siderably larger than is normally required by
the motor. This will allow” the choice of in
ductance 5 with anim‘pedance large compared
to that of the motor when the tube is ?red. This
provides an additional advantage in thatthe
scribed in claim 1, means for supplying grid
voltage to said tube with a phase substantially
.diilerentfrom that supplied at saidsource.
gas tube may be operated at higher voltages, and
correspondingly lower currents are required for
5. ‘A servo mechanism comprising a source of
operation. This practice is necessarily limited 10 ‘alternating voltage, a split-phase motor, one
winding of said motor being connected across
by ‘the con'dition‘wherean exceedingly high volt-'
a said source,
age might cause the‘ tube to ?ash over in a man
ner not consistent with the determining grid w
voltage. Obviously the voltage and current
must be maintained within the limits of the 15
tube rating.
There is thus provided an e?ective and simple -
servo-slave mechanism which is capable of ac-v
curately repeating] or amplifying any desired
- ‘ motion.
an impedance connected in series
with a second winding of said motor across said
source, a grid-controlled gas tube, control means
connected to the grid of said tube, a transformer,
said tube and one winding of said transformer
being connected in series across said source, the
other winding 0! said trasformer being connected
across said second winding of said motor to sup
v ply a voltage e?ectively 130° out of phase with‘
the voltage from said' source when said tube ?res.
6. A mechanism described in claim 5 in which
said control means comprises a photo-cell.
7. In a mechanism as described in claim 5,
enables the motor to realign such forces and 25 means for supplying grid voltage to said tube
with a phase substantially diil’erent from that
again bring them into the desired relationship.
supplied at said source. I
The applications discussed herein are in no
8. A servo mechanism comprising a source of
~way intended to illustrate‘ all of the uses to
alternating voltage, a two-phase motor. one
which the device may be put._ They are repre
sentative only and many more will immediately 30' phase of said motor being connected across said
source, an impedance, said impedance being con
occur to those skilled in the art.
nected in series with the second phase of said
I claim:
across saidv source, a grid-controlled gas
,1. A servo mechanism comprising a source of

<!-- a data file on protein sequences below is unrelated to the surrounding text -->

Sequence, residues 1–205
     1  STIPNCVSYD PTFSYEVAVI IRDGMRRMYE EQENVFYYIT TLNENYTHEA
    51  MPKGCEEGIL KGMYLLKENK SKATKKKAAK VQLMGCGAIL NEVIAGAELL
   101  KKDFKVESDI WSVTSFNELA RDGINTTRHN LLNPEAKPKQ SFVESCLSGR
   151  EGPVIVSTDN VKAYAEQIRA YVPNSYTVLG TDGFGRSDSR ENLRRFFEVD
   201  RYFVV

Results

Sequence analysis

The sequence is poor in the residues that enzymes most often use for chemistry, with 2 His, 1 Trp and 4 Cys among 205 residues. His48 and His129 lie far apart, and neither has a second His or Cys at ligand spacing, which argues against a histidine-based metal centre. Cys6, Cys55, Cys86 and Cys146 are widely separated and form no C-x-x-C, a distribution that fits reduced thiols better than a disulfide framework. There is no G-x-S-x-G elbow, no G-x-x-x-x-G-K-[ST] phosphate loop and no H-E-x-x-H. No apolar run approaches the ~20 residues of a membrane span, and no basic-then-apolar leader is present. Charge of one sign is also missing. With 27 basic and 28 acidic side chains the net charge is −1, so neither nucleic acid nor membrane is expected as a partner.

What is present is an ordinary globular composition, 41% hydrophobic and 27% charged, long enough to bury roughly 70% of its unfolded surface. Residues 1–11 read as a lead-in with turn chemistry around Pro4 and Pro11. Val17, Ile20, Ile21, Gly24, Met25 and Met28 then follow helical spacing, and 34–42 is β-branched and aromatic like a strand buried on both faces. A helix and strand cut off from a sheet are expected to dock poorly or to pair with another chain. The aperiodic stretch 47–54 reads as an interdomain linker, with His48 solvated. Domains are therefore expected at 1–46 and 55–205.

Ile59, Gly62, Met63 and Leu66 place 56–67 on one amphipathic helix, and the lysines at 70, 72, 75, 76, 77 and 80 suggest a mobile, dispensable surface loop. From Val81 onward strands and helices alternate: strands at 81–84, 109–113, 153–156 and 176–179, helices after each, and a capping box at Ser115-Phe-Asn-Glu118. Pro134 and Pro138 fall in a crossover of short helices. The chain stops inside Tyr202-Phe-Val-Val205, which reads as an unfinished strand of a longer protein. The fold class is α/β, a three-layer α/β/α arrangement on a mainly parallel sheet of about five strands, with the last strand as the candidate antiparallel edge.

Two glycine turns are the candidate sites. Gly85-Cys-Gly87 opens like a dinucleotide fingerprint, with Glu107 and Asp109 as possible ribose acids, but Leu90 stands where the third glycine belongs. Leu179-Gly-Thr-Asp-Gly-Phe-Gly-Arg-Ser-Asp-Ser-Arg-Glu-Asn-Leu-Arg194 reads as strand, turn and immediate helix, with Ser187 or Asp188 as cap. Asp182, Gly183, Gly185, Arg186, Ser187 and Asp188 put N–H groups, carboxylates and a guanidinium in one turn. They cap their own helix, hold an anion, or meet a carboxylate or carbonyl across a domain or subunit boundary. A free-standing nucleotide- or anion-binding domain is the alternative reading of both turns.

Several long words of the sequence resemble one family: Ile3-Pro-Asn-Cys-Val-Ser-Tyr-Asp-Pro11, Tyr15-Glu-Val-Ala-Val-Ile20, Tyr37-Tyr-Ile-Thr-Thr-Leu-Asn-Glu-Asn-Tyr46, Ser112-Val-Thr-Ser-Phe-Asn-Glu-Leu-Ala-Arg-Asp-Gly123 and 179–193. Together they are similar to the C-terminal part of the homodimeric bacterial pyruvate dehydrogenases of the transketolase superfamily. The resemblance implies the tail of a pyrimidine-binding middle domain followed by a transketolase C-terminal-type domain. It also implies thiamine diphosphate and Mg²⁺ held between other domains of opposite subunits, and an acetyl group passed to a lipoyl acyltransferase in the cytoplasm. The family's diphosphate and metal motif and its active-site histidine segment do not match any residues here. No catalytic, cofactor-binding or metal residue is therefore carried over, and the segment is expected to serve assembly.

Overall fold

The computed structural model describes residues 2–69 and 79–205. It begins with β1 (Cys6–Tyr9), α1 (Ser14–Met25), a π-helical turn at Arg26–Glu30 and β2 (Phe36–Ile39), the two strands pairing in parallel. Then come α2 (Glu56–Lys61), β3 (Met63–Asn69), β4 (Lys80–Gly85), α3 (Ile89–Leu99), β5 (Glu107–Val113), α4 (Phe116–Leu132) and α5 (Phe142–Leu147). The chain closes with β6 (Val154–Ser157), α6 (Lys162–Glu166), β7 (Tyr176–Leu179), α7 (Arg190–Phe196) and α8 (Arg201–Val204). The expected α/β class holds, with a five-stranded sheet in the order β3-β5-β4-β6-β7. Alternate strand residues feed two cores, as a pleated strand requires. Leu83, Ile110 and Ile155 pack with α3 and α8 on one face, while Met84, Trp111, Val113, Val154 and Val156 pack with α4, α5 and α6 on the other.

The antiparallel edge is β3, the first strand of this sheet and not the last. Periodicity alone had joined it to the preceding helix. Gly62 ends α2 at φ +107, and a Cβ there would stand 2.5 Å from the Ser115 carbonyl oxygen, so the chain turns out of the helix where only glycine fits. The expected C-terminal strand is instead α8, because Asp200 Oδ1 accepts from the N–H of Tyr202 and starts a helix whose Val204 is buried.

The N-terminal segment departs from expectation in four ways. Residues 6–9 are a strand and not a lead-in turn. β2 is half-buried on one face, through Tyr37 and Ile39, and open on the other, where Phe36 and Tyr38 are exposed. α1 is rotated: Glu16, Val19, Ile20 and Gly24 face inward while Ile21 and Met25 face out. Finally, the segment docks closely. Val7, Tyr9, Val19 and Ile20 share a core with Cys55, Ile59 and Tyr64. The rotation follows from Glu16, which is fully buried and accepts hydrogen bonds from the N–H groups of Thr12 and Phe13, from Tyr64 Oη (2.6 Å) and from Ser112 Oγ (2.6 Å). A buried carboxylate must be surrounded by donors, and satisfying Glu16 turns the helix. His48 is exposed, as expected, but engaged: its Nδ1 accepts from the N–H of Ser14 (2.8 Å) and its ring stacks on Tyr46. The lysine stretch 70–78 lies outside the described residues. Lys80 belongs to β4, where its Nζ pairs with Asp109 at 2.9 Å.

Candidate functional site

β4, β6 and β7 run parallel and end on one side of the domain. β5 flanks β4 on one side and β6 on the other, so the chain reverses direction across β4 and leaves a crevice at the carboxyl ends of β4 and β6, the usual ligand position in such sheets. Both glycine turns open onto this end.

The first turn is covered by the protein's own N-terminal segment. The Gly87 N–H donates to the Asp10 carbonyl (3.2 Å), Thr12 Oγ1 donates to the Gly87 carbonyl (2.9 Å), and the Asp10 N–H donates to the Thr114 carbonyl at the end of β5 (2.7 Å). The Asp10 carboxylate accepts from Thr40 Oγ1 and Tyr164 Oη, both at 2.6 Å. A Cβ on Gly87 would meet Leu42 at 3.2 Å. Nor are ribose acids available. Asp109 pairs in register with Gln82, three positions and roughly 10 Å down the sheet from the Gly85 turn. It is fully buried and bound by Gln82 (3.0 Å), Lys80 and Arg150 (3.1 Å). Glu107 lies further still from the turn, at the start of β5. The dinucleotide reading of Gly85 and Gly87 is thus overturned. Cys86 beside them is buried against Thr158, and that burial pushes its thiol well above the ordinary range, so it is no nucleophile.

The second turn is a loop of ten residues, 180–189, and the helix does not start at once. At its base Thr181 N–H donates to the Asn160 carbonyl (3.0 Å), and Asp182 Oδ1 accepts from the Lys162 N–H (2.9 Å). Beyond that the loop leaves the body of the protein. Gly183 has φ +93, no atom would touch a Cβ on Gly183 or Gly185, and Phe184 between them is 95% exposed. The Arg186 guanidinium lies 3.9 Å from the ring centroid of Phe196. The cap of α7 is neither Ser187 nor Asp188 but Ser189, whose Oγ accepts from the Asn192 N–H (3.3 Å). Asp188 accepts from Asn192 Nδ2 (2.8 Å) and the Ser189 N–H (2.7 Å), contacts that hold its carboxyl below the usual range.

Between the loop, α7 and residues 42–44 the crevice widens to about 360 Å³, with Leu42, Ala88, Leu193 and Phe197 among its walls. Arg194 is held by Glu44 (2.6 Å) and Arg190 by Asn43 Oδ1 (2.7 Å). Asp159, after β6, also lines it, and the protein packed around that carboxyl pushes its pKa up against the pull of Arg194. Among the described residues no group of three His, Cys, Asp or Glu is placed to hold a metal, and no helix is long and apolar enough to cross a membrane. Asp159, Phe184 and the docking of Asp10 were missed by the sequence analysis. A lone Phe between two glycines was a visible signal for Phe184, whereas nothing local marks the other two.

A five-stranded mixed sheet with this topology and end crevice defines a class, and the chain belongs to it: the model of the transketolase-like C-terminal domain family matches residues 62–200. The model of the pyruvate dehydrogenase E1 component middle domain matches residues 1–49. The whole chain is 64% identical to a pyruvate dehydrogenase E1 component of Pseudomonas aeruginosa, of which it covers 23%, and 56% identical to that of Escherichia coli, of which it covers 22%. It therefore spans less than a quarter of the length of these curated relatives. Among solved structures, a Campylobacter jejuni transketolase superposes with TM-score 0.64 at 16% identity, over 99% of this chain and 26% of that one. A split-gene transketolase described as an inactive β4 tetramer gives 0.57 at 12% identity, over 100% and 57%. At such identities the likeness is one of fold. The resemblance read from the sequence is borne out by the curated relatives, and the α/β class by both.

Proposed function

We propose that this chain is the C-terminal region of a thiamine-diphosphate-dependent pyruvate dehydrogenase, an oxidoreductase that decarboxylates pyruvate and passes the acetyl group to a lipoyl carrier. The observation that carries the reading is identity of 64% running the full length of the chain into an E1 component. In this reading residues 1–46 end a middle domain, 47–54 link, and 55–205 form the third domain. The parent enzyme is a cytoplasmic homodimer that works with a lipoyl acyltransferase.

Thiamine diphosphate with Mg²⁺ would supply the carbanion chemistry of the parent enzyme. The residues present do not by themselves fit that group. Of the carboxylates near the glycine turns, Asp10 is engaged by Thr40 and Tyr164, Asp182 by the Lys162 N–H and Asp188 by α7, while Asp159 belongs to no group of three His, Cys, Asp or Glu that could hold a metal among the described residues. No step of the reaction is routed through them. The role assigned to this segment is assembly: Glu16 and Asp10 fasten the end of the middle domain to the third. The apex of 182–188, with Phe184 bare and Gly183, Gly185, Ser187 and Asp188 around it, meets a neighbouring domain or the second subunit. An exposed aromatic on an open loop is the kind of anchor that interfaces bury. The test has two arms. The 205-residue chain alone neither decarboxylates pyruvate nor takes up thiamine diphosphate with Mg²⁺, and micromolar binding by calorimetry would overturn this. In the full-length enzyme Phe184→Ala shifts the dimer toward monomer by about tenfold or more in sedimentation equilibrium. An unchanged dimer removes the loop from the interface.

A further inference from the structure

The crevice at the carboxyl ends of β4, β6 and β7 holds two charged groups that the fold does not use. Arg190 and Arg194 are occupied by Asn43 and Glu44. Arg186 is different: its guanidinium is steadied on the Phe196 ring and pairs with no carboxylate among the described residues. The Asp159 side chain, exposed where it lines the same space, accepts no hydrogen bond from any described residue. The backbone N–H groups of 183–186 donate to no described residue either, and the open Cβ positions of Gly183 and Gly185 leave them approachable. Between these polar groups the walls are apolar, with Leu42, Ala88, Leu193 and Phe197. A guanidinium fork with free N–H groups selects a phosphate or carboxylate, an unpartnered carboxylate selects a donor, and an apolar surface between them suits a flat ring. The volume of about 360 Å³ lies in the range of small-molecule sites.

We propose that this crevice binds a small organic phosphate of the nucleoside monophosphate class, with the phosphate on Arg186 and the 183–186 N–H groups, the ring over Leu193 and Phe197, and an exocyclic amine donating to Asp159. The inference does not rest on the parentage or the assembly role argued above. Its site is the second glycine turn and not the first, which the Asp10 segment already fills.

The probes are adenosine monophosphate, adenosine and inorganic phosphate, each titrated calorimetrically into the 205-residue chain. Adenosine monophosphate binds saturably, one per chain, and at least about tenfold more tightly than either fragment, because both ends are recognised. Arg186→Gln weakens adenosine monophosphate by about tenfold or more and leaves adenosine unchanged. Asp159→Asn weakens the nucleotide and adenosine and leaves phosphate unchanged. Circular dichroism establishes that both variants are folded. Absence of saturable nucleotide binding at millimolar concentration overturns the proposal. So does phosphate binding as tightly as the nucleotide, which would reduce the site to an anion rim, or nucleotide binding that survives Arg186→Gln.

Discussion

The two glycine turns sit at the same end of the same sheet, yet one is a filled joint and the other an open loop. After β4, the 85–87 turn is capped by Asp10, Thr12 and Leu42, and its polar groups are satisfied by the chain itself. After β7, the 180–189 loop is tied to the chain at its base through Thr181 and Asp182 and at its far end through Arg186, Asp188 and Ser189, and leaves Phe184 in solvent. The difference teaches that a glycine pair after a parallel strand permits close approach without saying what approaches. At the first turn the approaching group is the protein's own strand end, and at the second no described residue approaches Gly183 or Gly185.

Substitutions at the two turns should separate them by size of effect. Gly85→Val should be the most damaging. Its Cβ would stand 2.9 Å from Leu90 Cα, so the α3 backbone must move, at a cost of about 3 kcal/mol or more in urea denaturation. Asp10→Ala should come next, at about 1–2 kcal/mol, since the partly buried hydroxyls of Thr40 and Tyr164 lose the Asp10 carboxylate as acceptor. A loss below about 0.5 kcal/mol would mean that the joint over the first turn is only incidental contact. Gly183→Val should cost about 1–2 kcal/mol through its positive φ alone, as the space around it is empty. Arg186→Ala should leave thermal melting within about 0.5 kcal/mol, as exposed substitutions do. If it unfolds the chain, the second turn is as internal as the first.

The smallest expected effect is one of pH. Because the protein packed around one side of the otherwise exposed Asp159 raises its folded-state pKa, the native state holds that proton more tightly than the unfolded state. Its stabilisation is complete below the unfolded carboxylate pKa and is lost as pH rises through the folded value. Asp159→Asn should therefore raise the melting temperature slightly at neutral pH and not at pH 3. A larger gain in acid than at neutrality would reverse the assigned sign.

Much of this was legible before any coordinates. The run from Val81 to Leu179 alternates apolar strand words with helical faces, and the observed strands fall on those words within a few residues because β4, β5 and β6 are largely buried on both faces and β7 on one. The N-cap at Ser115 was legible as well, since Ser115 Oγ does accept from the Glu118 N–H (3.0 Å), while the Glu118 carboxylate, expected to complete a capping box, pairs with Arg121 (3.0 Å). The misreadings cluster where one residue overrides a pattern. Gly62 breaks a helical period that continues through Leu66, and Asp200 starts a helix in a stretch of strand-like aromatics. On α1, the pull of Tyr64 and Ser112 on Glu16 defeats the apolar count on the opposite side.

‘ tube, control means connected to the grid of
alternating voltage, an armature, means con
\As was\brie?y mentioned above. any element
which exhibits mechanical distortion due to ex
terna1 forces can easily be arranged to control
the light falling on the photo-cell, which in turn
nected across said source for producing a ?rst 35 said tube, a transformer, said tube and one wind
ing 01' said transformer being connected in seriesv
magnetic ?eld, an impedance, second means con
nected in series with said impedance across said
source for producing. a second magnetic ?eld
displaced with respect to said first magnetic ?eld, '
both oi! said ilelds acting on said armature, ~a. 40
.across said source, the other winding 01' said
transformer being connected across said second
phase oi’ said motor to supply a voltage e?ectively
180° out 01' phase with the voltage from said
coupled to said tube, a transformer, said ‘tube
and one winding of said transformer being con
nected in series across said source, the other
9. A mechanism asdescribedin claim 8 in
which said control means comprises a photo-cell.
10. In a mechanism as described in claim 8, a
capacitor connected in series with said one phase
vapor-electric discharge tube, control means
winding of said transformer being connected
across said second means to supply a voltage
which is phase-displaced with respect to the
voltage from said source when said ‘tube fires.
2. A mechanism as‘ described in claim 1 in
source when said tube ?res.
of said motor.
11. In 'a mechanism as described in claim 8,
means for supplying grid voltage to said tube
with a‘ phase substantially diii'erent from that
which said\control means comprises a photo 50 supplied at said source.